Among the things that are explained by Moss are the nature of hackers. Collective hackers, like Anonymous work as a hive. There allegiance is to the hive above all else. It is not to a government or corporation. Such a notion of a hive speaks directly to Jane McGonigal’s belief in the power of the hive. Perhaps the power of the hive is the true power of the internet. The truth that allegiances have shifted from nations to hives.
“Everybody always calls it rebuilding the airplane in flight. We can’t stop and reboot the Internet.”
Since the internet can’t be stopped, its challenges must be addressed. Vanity Fair suggests that there will be three issues on the table at the negotiations in Dubai at the end of the year: taxation (a “per click” levy on international Internet traffic), data privacy and cyber-security (no more anonymity) and Internet management (global information-security “code of conduct”). The article suggests that anonymity has contributed to, if not created, almost every problem at issue in the War for the Internet. Is anonymity really the issues? Would we need control if our real names were attached to over Internet habits? Vanity Fair suggests that currently “the task at hand is finding some way to square the circle: a way to have both anonymity and authentication—and therefore both generative chaos and the capacity for control—without absolute insistence on either.” Perhaps the greatest challenge with the internet is that there is no real absolutes. Black and white issues are much easier to address than those with shades of grey.
Many believe that the Domain Name Systems, the Internet’s only central feature, must be shielded from government control however, through organizations like ICANN governments will still be involved without controlling it. Arguably, the most important issue when debating the control over the internet is the need to preserve “network neutrality”. One thing that many agree on: The Internet is open to everyone, service providers cannot discriminate and all applications and content moves at the same speed– this should not change. If the Internet is one thing, it ought to be fair.
Given the tremendous amount of attention hacking has received in the last couple years, especially due to groups like Anonymous and the Stuxnet virus last year, hacking has come to inherit a pretty negative stigma. Just tonight, Interpol released a… Read more
Given the tremendous amount of attention hacking has received in the last couple years, especially due to groups like Anonymous and the Stuxnet virus last year, hacking has come to inherit a pretty negative stigma. Just tonight, Interpol released a statement describing the arrest of some 25 individuals associated with the hacker group Anonymous, in a coordinated international operation across four countries in Latin America and Europe. The statement goes on to quote Bernd Rossbach, Acting Interpol Executive Director of Police Services: “This operation shows that crime in the virtual world does have real consequences for those involved, and that the Internet cannot be seen as a safe haven for criminal activity, no matter where it originates or where it is targeted.” The article seems to me to imply that all hacking is necessarily criminal, which is somewhat misleading.
On the opposite end of the spectrum are the good guys, who use their powers for good and not evil. People like Charlie Miller, winner of the 2011 Pwn2Own hacking competition held at the annual CanSecWest security conference (and I know, how dare I link to wikipedia… but it gets the job done with only 1 link).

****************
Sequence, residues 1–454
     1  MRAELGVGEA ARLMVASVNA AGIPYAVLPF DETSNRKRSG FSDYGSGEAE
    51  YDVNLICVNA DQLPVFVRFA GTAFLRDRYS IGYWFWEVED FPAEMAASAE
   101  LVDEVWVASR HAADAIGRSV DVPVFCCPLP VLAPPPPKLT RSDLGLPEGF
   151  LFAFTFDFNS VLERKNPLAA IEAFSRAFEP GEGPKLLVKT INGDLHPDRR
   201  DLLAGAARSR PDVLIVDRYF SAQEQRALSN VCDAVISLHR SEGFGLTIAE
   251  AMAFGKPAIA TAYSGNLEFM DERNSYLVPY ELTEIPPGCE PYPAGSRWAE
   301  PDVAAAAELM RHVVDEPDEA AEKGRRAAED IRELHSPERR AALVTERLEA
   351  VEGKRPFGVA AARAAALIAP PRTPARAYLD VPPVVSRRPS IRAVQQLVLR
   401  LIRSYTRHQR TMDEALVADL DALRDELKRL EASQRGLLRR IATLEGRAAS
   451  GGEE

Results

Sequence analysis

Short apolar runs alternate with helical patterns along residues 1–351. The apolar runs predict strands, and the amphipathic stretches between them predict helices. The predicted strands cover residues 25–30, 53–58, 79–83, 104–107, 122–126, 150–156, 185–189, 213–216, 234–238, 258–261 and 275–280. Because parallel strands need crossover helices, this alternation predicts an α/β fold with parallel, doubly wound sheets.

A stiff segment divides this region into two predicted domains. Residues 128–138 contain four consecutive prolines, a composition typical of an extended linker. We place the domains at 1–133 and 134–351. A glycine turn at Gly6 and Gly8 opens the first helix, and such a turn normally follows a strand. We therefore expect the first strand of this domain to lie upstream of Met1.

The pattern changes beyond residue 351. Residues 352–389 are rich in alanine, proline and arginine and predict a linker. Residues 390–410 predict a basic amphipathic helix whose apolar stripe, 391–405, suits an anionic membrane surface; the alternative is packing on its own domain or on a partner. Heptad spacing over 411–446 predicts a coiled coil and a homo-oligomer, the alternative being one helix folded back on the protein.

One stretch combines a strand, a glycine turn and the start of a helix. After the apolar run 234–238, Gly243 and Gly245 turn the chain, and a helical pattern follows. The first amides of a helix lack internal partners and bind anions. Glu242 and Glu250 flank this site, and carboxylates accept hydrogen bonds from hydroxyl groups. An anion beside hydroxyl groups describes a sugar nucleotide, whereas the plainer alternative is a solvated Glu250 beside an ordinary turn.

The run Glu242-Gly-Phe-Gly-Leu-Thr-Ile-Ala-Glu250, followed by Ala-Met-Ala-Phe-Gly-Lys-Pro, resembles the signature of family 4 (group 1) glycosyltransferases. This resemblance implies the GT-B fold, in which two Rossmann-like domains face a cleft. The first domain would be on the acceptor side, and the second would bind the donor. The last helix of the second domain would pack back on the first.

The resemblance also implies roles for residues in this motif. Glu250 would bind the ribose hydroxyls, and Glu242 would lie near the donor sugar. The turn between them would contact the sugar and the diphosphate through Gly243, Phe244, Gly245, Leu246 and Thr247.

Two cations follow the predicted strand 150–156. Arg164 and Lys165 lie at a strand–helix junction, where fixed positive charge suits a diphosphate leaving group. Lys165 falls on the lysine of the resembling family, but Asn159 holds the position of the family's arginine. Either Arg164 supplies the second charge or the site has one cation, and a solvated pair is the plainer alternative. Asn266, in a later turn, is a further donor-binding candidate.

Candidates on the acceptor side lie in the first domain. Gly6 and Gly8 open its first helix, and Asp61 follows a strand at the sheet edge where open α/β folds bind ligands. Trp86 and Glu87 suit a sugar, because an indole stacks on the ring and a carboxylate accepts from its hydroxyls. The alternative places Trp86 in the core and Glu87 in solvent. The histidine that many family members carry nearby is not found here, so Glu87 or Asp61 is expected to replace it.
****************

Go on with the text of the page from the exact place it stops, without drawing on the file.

At the competition, hackers are offered cash incentives to exploit various software and browsers on both computers and mobile phones. But why would companies willingly let people hack their products, let alone pay them to do so? Basically, because these companies are then provided with information about the vulnerability that was exploited, so that the company can then attempt to correct the problem and prevent as much harm as possible from malicious hackers.
In fact, since nobody has been able to successfully hack Chrome yet, Google is offering an additional $1 million in “hacker bounties,” on top of the money already offered at the 2012 CanSecWest conference next week. Google wrote on its blog, “We require each set of exploit bugs to be reliable, fully functional end to end, disjoint, of critical impact, present in the latest versions and genuinely ’0-day,’ i.e. not known to us or previously shared with third parties.”
**Update**: a group of french hackers while finally able to hack Chrome at this years Pwn2Own
The point I would like to make is that, while hacking for monetary gain or to take down competition is usually the wrong thing to do, these same skills can be used to help companies fix up and improve their products. Are there any other instances where hacking could be beneficial, as opposed to criminal? Or is hacking something that should be always be considered a malicious act, regardless of the hackers intent?
The discussions of “Spacewar” and Stewart Brand’s idea of hackers made me think more about what hacking has become today in both the forms of social stereotypes as well as financial gains. I began to research the broad topic of… Read more
The discussions of “Spacewar” and Stewart Brand’s idea of hackers made me think more about what hacking has become today in both the forms of social stereotypes as well as financial gains. I began to research the broad topic of “hacking” and found the issue continually being linked to the keywords “national security” and “youth.” It’s interesting that hackers today are reported to be so young and often times socially maladjusted, let alone potential threats to certain global forms of security. I watched a TedTalk given by Misha Glenny on these hacking youths and he reached a somewhat controversial conclusion: hire them.